Place: Materials Discovery by Scale‐Bridging High‐Throughput Experimentation and Modelling Workshop, Ruhr-Universität Bochum, Bochum, Germany
Alessandro De Vita, Department of Materials and Molecular Modelling, King's College London, London, United Kingdom
Modelling the catastrophic brittle failure of a crystalline silicon component, a rock specimen, or an advanced ceramic interface at the atomic scale is a challenging, intrinsically multiscale problem which requires a non‐uniform‐precision approach. Failure generally occurs as a response to stress concentration, determined by the large scale geometry of the crack tip region, which alters the free energy landscape associated with the chemical processes occurring at the advancing crack tip. In turn, catastrophic or stress‐corrosive bond¬breaking events drive the dynamical evolution of the stress tensor field. The resulting chemo‐mechanical coupling produces a rich variety of phenomena, such as fracture propagation instabilities, chemical fracturing induced by hydrogen segregation, and cleavage surface patterning.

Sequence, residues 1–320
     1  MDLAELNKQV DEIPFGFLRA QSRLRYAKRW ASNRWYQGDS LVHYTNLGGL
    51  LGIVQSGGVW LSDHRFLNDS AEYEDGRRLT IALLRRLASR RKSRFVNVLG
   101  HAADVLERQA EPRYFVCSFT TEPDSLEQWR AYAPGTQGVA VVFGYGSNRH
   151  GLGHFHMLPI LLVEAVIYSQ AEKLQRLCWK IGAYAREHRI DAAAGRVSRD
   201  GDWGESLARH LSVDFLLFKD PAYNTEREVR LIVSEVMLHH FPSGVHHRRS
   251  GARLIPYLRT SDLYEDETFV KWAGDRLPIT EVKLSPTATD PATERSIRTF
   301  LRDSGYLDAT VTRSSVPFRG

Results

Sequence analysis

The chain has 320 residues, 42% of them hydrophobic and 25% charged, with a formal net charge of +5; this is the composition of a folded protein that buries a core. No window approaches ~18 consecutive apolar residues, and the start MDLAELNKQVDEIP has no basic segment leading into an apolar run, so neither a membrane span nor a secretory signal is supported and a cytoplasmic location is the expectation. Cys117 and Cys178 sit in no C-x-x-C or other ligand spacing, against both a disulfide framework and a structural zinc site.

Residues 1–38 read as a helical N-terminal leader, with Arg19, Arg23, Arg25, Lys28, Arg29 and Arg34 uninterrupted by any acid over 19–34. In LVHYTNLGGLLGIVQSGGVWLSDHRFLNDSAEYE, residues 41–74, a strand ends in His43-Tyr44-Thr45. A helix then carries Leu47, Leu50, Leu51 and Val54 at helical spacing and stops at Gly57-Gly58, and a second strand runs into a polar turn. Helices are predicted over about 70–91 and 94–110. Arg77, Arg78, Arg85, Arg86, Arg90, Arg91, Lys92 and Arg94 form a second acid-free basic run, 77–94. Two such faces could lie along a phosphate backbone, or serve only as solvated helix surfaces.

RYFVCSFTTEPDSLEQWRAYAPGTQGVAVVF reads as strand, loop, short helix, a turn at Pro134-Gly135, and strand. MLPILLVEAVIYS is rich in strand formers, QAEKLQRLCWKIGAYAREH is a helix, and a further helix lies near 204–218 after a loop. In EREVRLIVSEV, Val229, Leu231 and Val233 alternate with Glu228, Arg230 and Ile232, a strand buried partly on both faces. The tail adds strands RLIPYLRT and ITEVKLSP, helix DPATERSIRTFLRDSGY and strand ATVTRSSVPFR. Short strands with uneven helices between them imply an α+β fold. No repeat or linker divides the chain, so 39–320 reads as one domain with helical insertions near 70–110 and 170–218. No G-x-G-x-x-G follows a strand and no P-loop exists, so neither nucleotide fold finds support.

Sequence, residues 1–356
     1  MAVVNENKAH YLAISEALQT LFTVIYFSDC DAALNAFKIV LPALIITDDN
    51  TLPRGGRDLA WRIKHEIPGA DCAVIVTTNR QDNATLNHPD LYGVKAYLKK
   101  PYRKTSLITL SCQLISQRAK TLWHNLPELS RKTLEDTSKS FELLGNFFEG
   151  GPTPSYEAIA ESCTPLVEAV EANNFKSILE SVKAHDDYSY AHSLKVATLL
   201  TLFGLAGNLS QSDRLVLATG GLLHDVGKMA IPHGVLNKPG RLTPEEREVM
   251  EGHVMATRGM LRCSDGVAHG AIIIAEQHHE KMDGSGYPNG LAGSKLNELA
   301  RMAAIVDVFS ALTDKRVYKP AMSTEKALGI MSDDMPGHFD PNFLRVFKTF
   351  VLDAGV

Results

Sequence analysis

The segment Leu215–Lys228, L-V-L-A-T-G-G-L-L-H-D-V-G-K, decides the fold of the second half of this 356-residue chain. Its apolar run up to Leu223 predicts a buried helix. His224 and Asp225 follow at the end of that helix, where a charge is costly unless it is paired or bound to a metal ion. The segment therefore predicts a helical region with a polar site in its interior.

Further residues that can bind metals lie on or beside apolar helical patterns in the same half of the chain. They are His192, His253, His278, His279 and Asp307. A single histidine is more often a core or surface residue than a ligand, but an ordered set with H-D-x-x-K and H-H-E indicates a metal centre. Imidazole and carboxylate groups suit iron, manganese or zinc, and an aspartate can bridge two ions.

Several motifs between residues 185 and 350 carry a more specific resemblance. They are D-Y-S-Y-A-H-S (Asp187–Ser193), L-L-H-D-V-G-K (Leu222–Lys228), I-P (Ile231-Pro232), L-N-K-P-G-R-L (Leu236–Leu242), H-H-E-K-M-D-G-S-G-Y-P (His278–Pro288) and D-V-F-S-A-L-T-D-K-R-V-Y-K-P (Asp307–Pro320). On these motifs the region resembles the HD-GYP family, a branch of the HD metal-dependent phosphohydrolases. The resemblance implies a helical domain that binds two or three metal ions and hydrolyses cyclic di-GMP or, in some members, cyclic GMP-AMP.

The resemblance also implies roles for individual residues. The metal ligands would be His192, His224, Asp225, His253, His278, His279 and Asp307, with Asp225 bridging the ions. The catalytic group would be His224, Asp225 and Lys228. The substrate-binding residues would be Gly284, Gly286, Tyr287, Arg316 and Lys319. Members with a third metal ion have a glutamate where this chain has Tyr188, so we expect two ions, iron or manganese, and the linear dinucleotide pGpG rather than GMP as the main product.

Supporting information:Materials Day_de Vita.pdf